AERO 2010's Top Ten
Europe’s leading GA trade show does not disappoint
By Kent Misegades, EAA 520919
April 15, 2010 — AERO Expo 2010 at Friedrichshafen, Germany, provided an overwhelming number of new, innovative aviation products, surely reinforcing it as Europe’s best general aviation trade show. Correspondent Kent Misegades was hard-pressed to see everything amongst the more than 500 exhibits during the four-day show held April 8-11. The following “Top Ten” list (in no particular order) includes a wide range of products, including light-sport aircraft, kitplanes, new production airplanes, electric propulsion, rotorcraft, and powerplants. Some will make it across the pond in the coming year, while others will likely stay in Europe for various reasons. Others may not even survive in this rapidly developing, highly competitive global market, but all demonstrate the unlimited creativity found among those around the world who pursue their passion for flight.
- DynAero TwinR (Darois, France, www.dynaircraft.com) - Borrowing heavily from the proven aerodynamics and all-carbon structure of his four-place MCR-4S kitplane, the French designer Christophe Robin (whose father Pierre created the popular DR series of Robins) debuted his new twin-Rotax 912 powered TwinR at AERO 2010. Burning only 9 gph of 100LL or Mogas, the TwinR will cruise at 180 kts, has a useful load of 1,100+ lbs, and range of 1,000 nm. With a wingspan of 30ft, 3in and height of 6ft 3in, the aircraft will fit into a standard T-hangar. While the TwinR is available now only as a kit, DynAero is preparing for series production in the coming year. Also displayed were samples of composite components using natural cork as a substitute for PVC foam board, as well as seating upholstery made from the material. AeroCork (Ponte de Sor, Portugal, www.aerocork.com) is the outcome of DynAero’s participation in a joint venture with cork producers in Portugal, where the company produces the aircraft.
- PC-Aero Elektra One (Landsberg am Lech, Germany, www.pc-aero.de)—Noted German sport aircraft designer Calin Gologan presented his much-anticipated Elektra One mockup, a serious contender for the $1.5m NASA/CAFE Green Flight Challenge 2011. Employing the latest composite materials and methods of light aircraft design, advanced high-efficiency brushless electric motors, controllers, batteries and propellers, the single-place Elektra One is projected to cruise at 100 mph while consuming only 17 kWh of its batteries’ energy, equating to a fuel consumption of 0.5 gph. With an empty weight (including battery) of 250 pounds, the Elektra One will qualify under Germany’s new 120 kg light sport aircraft category that requires no flight medical. The aircraft is projected to carry a 6ft pilot weighing 190 pounds for three hours on a single charge. The Elektra One is the first of a series of electric aircraft envisioned by Gologan, to include two- and four-place ships, an aerobatic single-seat version, as well as a solar-powered motorglider. These would be based at his Green Village Airfield, where 20 square meters of solar panels on the roof of a single hangar housing three such aircraft would generate enough power in southern Germany to allow one hundred hours flying time per aircraft each year. The total hourly costs using today’s technology would be 25 percent less than for a conventional Rotax-powered LSA, with future cost reductions expected given the rapid progress being made in electric propulsion systems, even assuming reductions in government subsidies currently needed to make solar power competitive. Calin Gologan will participate in EAA’s special symposium on electric-powered flight planned for AirVenture 2010.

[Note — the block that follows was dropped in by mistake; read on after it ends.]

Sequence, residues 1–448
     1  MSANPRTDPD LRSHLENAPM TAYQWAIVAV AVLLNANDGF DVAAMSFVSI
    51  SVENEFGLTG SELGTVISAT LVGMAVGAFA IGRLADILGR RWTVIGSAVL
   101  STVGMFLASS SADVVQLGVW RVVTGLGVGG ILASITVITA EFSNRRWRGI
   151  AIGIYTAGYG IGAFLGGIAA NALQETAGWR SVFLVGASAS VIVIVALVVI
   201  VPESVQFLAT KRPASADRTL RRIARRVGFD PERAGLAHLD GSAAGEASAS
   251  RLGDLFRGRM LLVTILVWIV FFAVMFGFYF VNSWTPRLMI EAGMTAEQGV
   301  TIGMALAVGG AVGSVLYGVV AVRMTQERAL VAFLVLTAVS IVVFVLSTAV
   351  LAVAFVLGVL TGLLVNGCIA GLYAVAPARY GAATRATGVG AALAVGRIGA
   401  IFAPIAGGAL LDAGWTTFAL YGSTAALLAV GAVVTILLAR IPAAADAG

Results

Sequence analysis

- Lanitz-Prena Folien Factory Oratex (Leipzig, Germany, www.oracover.de)—Known among model airplane enthusiasts in the U.S. as Ultracoat, Lanitz-Prena’s Oracover was first used on the advanced, foot-launched Swiss Archaeopteryx in 2001. The success of this effort led the manufacturer to develop a new line of iron-on coverings for full-scale manned aircraft, starting with Oratex 600 for planes with gross weights up to 600 kg (1320 lbs/LSA category). Oratex 3000 will soon be released for aircraft weighing up to 3,000 kg (Cubs, Pitts, homebuilts, etc.) and later will follow Oratex 6000 for heavy aicraft such as the large An-2 biplane. A key advantage of Oratex is how it’s applied—a liquid adhesive is brushed or sprayed onto the aircraft surface to be covered, allowed to dry, then the fabric is applied with a simple iron. Once the heat-sensitive coating cools and cures (in about an hour), the fabric is shrunk to its final form with an hot air gun. No other paints or coatings are required, and the fabric may be removed easily with the application of heat. Officials from The Light Aircraft Company (TLAC) of Norfolk, England, who displayed their Sherwood Ranger kit biplane in the Oratex display at AERO, reported a savings of over 30 pounds using Oratex 600 compared to conventioned Stitts-like covering systems. Oratex is “self-colored” and available in eight classic aircraft colors. While not yet available in the U.S., it is supplied by several kit makers, such as TLAC, who export to the U.S.
Dallair Aeronautica FR-01 and EPA Power Rotax (Naples, Italy, www.dallair.com and San Pietro Mosezzo, Italy, www.epapower.com)—Rumors in the past year of the existence of a Rotax-based aerobatic engine were confirmed with the first-ever appearance of the Italian Dallair FR-01 in Friedrichshafen, powered by a Rotax 912 modified by EPA Power, also from Italy. The FR-01 is a single-place, LSA-class aerobatic design from Fabio Russo, whose day job is as a member of the Tecnam Aircraft engineering staff. The airplane is of mixed steel tube, aluminum, composite, and fabric construction stressed to +/- 6g. It is manufactured by Pasquale Dállesandro, whose company Dallair is a major supplier of aircraft components to Tecnam. Underneath the FR-01’s tight-fitting carbon cowling is a 135 HP engine with inverted oil, the creation of Italian Claudio Albertinazzi’s motorsports engine shop EPA Power. Based on a stock 80 hp Rotax 912, EPA Power increases the engine’s output through new cylinders, pistons and heads, an electronic fuel injection system with dual fuel pumps, a new balanced crankshaft, and a 26-amp generator. These engines have been flying successfully on aerobatic aircraft in Italy for three years and come standard on the new Dallair FR-01.